] Oseltamivir has not been studied prospectively in patients hospitalized with severe lower respiratory tract disease due to influenza. Clinical studies to address this question are underway. Thus, there is no clear evidence that oseltamivir improves outcomes in this population, but most clinicians would use oral oseltamivir if patients had any severe manifestations of influenza.
Currently no parenteral agent is available for the treatment of influenza. However, new injectable neuraminidase inhibitors (peramivir and zanamivir), and novel agents such as polymerase inhibitors (T-705) are in human clinical trials.
Treatment of Pandemic Influenza
Treatment of pandemic influenza will need to be guided by sensitivities of the circulating strain. Treatment recommendations of sporadic cases of avian influenza in humans are to use oseltamivir at currently licensed doses.[79
] Zanamivir is efficacious in animal models but there is no experience with this agent in the treatment of humans with avian influenza. Amantidine and rimantidine should be avoided due to high prevalence of resistance in some clades.[79
] ICU management during a pandemic would need to emphasize strict epidemiologic control to avoid nosocomial spread, prompt initiation of antibacterial therapy when appropriate, and well thought out triage.
In spite of the profound impact of HIV on cell mediated immunity, HIV does not appear to be a risk factor for more frequent or more severe disease with influenza.[80
] In one population series, an excess mortality due to influenza was been reported in the HIV population in the pre-HAART era compared to the general population.[83
] It has not been shown that those with HIV have any different spectrum of disease with influenza.
Patients with leukemia, organ transplantation, and hematopoietic stem cell transplantation (HSCT) do appear to have a more severe disease with influenza. Influenza virus infection in the immunocompromised is associated with a higher rate of viral pneumonia and higher attributable mortality.[84
] Viral shedding is also prolonged to an average of 11 days[85
], which is associated with the development of resistance.[86
] For this reason, standard dose and duration of antivirals may not be adequate in this population. Some authors have advocated higher use of oseltamivir (150mg bid) in the immunocompromised host.[84
Antiviral Impact on Complications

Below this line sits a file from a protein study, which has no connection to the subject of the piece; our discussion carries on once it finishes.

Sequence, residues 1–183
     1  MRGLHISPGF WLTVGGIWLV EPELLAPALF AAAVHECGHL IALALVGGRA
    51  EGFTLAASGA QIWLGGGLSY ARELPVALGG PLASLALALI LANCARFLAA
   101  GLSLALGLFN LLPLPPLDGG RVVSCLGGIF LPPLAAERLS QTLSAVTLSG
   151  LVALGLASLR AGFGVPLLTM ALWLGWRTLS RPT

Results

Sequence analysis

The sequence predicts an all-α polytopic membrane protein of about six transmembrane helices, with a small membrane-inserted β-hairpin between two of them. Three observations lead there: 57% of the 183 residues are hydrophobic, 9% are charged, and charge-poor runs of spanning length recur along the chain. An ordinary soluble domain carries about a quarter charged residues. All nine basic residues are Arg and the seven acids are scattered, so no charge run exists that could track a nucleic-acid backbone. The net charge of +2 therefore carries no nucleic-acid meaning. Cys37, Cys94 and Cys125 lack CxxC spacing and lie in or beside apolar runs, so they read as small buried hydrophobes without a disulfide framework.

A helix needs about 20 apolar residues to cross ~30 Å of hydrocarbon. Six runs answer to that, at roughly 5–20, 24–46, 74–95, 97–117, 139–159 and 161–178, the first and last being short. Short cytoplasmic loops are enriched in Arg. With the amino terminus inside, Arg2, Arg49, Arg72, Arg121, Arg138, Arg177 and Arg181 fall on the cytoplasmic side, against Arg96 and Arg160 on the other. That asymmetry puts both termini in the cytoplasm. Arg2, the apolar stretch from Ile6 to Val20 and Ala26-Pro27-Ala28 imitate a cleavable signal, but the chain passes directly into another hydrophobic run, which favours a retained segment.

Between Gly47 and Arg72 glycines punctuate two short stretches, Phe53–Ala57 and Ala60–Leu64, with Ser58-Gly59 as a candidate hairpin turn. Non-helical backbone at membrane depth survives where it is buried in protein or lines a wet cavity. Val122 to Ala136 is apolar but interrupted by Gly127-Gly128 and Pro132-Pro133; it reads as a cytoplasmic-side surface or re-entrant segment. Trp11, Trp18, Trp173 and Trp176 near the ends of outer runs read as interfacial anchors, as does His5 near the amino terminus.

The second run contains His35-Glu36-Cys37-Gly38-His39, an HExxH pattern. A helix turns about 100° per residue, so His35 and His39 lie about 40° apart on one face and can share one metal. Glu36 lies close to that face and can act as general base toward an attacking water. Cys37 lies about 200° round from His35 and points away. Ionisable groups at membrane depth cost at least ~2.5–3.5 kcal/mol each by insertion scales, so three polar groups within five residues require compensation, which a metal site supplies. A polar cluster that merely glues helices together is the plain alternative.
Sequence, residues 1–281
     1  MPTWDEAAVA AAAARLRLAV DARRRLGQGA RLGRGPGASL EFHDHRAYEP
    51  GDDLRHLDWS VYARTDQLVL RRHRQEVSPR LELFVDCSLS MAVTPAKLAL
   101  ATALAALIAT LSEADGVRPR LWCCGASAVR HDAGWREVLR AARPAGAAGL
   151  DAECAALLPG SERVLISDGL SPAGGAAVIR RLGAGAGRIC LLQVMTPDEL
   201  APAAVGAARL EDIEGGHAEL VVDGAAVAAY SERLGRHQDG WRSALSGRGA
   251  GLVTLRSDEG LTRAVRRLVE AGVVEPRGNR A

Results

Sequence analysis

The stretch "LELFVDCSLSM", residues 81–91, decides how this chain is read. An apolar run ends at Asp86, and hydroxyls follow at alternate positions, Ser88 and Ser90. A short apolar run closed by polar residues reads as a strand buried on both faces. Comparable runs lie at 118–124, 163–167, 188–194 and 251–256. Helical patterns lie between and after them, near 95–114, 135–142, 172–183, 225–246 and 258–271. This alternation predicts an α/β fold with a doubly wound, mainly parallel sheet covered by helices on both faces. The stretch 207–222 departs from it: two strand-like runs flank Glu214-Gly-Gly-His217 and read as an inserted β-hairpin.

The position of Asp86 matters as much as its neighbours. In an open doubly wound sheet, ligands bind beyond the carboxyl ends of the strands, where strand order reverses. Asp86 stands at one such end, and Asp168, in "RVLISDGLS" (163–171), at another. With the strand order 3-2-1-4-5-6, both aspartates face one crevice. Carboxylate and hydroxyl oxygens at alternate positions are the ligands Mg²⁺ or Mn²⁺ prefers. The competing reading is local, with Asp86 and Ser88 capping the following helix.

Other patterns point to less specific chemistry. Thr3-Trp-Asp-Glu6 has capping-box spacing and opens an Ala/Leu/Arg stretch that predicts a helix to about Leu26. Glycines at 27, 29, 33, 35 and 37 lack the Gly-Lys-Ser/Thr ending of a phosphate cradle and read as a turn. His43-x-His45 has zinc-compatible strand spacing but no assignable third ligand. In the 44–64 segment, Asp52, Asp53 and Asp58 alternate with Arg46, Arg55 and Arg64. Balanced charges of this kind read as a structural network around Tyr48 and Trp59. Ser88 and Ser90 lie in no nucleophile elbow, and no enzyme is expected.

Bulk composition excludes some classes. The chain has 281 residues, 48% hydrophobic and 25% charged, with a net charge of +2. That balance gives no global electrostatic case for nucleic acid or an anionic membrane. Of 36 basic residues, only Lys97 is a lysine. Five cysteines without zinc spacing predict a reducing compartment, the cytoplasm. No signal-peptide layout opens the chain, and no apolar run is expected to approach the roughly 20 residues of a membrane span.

Additional analysis of the controlled studies have shown that oseltamivir treatment was associated with significant reductions in bronchitis and pneumonia, antibiotic use, and all-cause hospitalizations in the month after influenza diagnosis.[78
] Zanamivir as also been shown to reduce complications and secondary antibiotic use, particularly in the high risk patients (immunocompromised, or having underlying respiratory, cardiovascular, or endocrine disorders).[73
Intensivists need to be prepared to manage both seasonal influenza and pandemic influenza. Parenteral antiviral agents are needed, and studies need to be performed to determine if these agents provide benefit to severely ill patients.
Intensivists can diminish the impact of influenza on their patients and their staff. Immunization for health car workers ought to be considered as a mandatory condition of employment for those without a medical or ethical contraindication, and immunizations should be completed by early Fall. Strict adherence to isolation procedures should be emphasized regularly. Recognition of treatment complications of influenza such as bacterial pneumonia should be prompt.
Intensivists also have an obligation to participate in hospital, regional and national programs to coordinate and develop services for a pandemic, which will eventually occur. The media and some health care organizations seem to have developed “flu fatigue” i.e., they are less engaged in pandemic preparation since no large outbreak has occurred. A pandemic will occur. Intensivists and the global society must be prepared.